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Tuesday, 22 May 2018

726) Honey Coin from Latvia: A 5 Euro Gold plated Silver coin minted by the Mint of Lithuania on behalf of the Bank of Latvia titled "Honey Coin" featuring honey-comb cells issued on 22.05.2018":

726) Honey Coin from Latvia: A 5 Euro Gold plated Silver coin minted by the Mint of Lithuania on behalf of the Bank of Latvia titled "Honey Coin" featuring honey-comb cells issued on 22.05.2018":

For posts from the Bank of Latvia on this blog, please visit the following links:

1) Latvian Folk Songs: "Smith Forges in the Sky": A 5 Euro Silver Coin issued by the LATVIJAS BANKA in 2017

2) Honey Coin: A 5 Euro Gold plated Silver coin minted by the Mint of Lithuania on behalf of the Bank of Latvia titled "Honey Coin" featuring honey-comb cells issued on 22.05.2018

The Latvian Banka has released on 22.05.2018, a Colletor Coin titled "Honey Coin" whose design features honeycomb cells which form a rough outline of the geographic contour of Latvia and the Gulf of Riga.

The design is based on a concept submitted by Arturs  Analts that won the first prize in an earlier competition announced in January 2017 to search for ideas to create an innovative coin in terms of its motif, design or technical solution.

The Obverse of the 5 Euro honey-comb cluster-shaped coin against the background of a Bee-hive image

The Obverse and Reverse of the 5 Euro honey-comb cluster-shaped coin

About Bees, Bee-Hives & Honey & their relationship to man:

Bees have been working hard on Earth for millions of yeas. The rather "selfish friendship" of humans with bees emerged as a result of continuous fight for livelihood. Initially, they used the generous gifts arising from the efforts of bees in a cautious manner in natural surroundings. It was the honey harvested from the hives of forest bees that our ancestors tasted first. The oldest man-made beehives of the 10th Century BC have been found in  the Middle East in the territory of present day Israel.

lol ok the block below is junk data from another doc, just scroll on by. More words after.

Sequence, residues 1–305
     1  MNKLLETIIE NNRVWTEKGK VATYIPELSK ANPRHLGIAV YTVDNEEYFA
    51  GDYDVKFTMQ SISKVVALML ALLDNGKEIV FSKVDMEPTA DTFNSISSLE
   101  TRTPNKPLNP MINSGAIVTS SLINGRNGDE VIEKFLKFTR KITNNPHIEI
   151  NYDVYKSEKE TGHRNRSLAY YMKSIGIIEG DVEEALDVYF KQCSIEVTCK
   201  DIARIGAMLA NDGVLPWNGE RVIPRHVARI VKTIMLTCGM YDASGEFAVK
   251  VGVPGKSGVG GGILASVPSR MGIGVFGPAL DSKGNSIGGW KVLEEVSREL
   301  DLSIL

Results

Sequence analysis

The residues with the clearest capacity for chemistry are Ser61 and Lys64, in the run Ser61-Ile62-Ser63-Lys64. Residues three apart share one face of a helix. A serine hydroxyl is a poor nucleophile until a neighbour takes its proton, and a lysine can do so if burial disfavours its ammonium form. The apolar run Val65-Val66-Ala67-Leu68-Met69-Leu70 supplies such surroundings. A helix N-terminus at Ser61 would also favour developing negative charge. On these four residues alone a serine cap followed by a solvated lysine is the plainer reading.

The scientific foundations of bee-keeping were laid in German states only at the end of the 18th Century AD.

In the 19th Century AD, bee-keeping specialists in various countries across the world contributed to the creation and improvement of the modern hives with removable frames (or honeycombs) and with bee-entrances.

The job of bee-keepers involves work with aromatic beeswax cells and golden honey, which we tend to compare with amber.

Since time immemorial, Latvians have associated the work of bee-keepers with a healthy life-style, and it has also been surrounded by the poetic atmosphere of folk songs. A place bustling with bees tells us that it is dominated by cleanliness, harmony and order.

Honey was used to cure wounds and illnesses in ancient Egypt. Egyptian pharaohs also made use of honey during religious rituals. In ancient Greece, Pythagoras, the mathematician (580-500 BC) and philosopher Democritus (460-370 BC) believed that eating honey was a pre-condition for a long life, and both lived.

Meanwhile, Aristotle (384-322 BC), the founding father of natural sciences, recommended honey as a means for curing eye diseases, while Hippocrates, the founder of medicine, invited people to use honey both on its own and together with water or wine.  He believed that honey was nourishing, that it made one's face look better and that it had medicinal properties.

The ancient Greeks appreciated honey to the extent that they featured a honey bee on their coins. Meanwhile honey served as a valid form of currency for the Romans since many people paid their taxes  in honey.

In Latvia: